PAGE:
All included female participants had not menstruated for more than 10 years at the time of the VFS was recorded and were therefore beyond the late postmenopausal period cutoff (27); however, the time in years since last menstruation was inversely correlated with VFS performance and remained as independent variable in the age-adjusted linear regression model. This suggests that the effects of menopause on cognition are time-dependent and exert some effect even beyond the late postmenopausal period limit. Previous work had suggested that the length of the reproductive period was positively associated with cognitive performance (28). Since reproductive period and years since last menstruation are inversely related variables, the former was also calculated and no such association could be demonstrated, so this potential confounder factor was ruled out.

Passive PA in leisure time was also negatively associated to VFS in postmenopausal women, and no other PA measure remained in the regression models. In fact, this variable can be considered a marker of sedentary behavior, so that the models would be highlighting more the detrimental effect of physical inactivity than beneficial effect of PA. On the other hand, VFS in men was positively related to weekly PA in leisure time and negatively related to age and moderate PA in leisure time. Although there is consistent evidence that PA in mid-life is associated with lower risk of dementia or better cognitive function in later life (29), in our study the results on the association between PA and VFS were different between men and postmenopausal women. Possible explanations for these findings include sex differences between PA and its association to cognitive domains. It is possible that VFS as a cognitive measure does not maintain a good association with PA in women, while measures of other cognitive domains such as episodic memory would maintain a better association (30). On the other hand, most studies on PA included men and women and very few have provided sex-specific cognitive outcome data that would allow an examination of possible interactions by sex (31). The inverse association found for moderate PA in males with VFS performance may also be puzzling. A recent Meta-analysis reported that the effect of PA on all-cause dementia incidence was greatest when moving from extreme sedentariness to some PA (29). However given that the recording of PA was based on a self-reported questionnaire, we cannot rule out a misreporting effect on declared level of PA (32).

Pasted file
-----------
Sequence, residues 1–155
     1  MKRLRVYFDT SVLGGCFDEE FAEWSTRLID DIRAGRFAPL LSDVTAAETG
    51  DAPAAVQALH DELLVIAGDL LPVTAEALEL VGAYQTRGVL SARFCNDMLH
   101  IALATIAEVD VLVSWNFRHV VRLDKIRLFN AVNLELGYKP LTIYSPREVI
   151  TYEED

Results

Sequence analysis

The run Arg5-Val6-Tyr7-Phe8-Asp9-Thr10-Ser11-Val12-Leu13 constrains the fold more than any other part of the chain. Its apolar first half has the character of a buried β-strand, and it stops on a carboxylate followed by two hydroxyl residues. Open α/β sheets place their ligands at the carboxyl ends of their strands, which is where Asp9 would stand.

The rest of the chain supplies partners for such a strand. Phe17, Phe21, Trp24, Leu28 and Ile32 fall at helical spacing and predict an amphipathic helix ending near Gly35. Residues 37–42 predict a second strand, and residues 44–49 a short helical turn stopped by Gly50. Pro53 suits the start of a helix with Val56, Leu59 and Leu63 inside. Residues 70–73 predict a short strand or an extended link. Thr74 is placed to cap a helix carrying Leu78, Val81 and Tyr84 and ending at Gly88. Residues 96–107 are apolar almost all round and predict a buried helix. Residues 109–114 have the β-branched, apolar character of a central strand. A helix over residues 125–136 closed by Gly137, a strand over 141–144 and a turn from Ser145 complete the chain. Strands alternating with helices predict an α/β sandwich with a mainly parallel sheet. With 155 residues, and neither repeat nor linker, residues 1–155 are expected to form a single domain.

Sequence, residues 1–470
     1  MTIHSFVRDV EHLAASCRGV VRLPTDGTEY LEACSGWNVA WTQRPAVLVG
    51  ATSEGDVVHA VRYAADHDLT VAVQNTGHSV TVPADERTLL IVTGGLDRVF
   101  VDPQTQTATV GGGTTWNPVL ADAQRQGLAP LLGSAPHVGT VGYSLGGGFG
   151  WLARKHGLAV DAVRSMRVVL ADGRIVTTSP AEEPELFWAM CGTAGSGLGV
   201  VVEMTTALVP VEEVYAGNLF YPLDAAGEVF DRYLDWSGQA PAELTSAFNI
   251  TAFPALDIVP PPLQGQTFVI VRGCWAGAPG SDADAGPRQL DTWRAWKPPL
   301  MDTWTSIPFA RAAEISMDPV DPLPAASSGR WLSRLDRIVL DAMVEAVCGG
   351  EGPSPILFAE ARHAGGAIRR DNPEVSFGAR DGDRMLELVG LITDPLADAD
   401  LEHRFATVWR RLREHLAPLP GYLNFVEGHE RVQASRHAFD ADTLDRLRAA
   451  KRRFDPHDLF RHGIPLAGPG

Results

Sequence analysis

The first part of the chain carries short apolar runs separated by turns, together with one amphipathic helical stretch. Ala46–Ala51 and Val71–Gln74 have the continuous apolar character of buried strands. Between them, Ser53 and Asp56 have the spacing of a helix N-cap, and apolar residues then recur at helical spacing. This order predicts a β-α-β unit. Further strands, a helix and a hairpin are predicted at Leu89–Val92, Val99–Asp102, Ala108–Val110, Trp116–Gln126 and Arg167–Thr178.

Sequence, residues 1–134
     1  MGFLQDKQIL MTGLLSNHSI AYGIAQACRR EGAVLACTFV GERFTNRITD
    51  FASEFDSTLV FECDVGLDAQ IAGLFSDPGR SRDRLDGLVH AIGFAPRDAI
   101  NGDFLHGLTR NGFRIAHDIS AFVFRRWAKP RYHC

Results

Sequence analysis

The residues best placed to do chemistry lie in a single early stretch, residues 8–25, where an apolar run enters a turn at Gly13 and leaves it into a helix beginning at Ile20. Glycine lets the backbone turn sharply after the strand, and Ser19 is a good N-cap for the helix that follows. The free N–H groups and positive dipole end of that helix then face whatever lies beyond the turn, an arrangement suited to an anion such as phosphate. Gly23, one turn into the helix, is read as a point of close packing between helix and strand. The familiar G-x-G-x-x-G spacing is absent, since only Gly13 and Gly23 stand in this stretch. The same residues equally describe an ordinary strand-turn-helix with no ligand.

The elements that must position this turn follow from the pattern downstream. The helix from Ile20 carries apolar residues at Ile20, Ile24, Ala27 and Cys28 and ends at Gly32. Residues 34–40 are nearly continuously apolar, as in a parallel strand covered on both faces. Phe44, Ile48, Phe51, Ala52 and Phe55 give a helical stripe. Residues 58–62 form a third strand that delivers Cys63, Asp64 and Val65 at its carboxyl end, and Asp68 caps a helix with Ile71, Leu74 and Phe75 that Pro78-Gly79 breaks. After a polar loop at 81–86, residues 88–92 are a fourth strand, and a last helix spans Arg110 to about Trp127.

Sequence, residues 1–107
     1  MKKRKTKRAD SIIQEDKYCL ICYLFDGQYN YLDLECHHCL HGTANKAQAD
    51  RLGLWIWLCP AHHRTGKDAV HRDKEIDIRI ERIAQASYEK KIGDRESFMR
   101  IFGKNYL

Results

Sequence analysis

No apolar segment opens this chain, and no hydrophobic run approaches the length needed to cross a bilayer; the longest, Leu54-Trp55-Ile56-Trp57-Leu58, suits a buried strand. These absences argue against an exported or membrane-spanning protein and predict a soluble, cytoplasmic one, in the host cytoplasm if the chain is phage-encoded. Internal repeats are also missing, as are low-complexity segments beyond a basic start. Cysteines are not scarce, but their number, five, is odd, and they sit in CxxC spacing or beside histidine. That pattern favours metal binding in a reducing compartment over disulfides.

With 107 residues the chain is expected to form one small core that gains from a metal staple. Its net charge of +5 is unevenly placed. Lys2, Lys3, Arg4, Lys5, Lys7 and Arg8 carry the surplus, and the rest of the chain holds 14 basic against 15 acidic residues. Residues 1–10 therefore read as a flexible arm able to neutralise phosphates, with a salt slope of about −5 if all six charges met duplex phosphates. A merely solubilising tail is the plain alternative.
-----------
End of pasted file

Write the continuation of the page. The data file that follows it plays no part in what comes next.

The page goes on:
Pulse pressure is a marker of arterial stiffness and have been associated with stroke, lowered levels of cognitive function and dementia (33). In our sample, pulse pressured correlated inversely with VFS in men. We have not been able to find sufficient theoretical support in the literature to explain absence of the association in postmenopausal females. A small study comparing arterial stiffness and cognitive performance in two groups of pre- and post-menopausal women found that arterial stiffness and performance on cognitive tests did not differ between both groups. However, post-menopausal females had lower performance on a working memory task, and this difference in working memory was not explained by the increase in arterial stiffness (27). There is a paucity of data regarding sex differences in the effects of large artery stiffness on cognitive or dementia outcomes and as causes have been pointed out, the historical exclusion of females from studies and the treatment of sex as a confounding variable rather than an important contributor to physiology (34).

Regarding the results of the logistic model, low adherence to Mediterranean diet and a waist-to-hip ratio higher than 0.9 in postmenopausal women were associated with worse VFS performance, while a higher educational level showed an inverse association. Those results are similar to that found on linear regression model and reinforces the strength of the association of these factors with VFS in postmenopausal women. In comparison, low performance in men was associated with reported history of diabetes mellitus, 80th percentile HOMA-2 insulin resistance, waist-to-hip ratio greater than 1, and history of smoking in the past, in addition to recommended moderate to vigorous PA; and was inversely correlated with educational attainment, and with METs categorized as light leisure-time PA. Tobacco is a well known risk factor associated to all-cause dementia (35), and sex differences have not been reported previously. The high percentage of postmenopausal women that never smoked in the VFS 20th percentile group: 85.3%, comparing to men: 32.15% may explain this lack of association with smoking in postmenopausal women.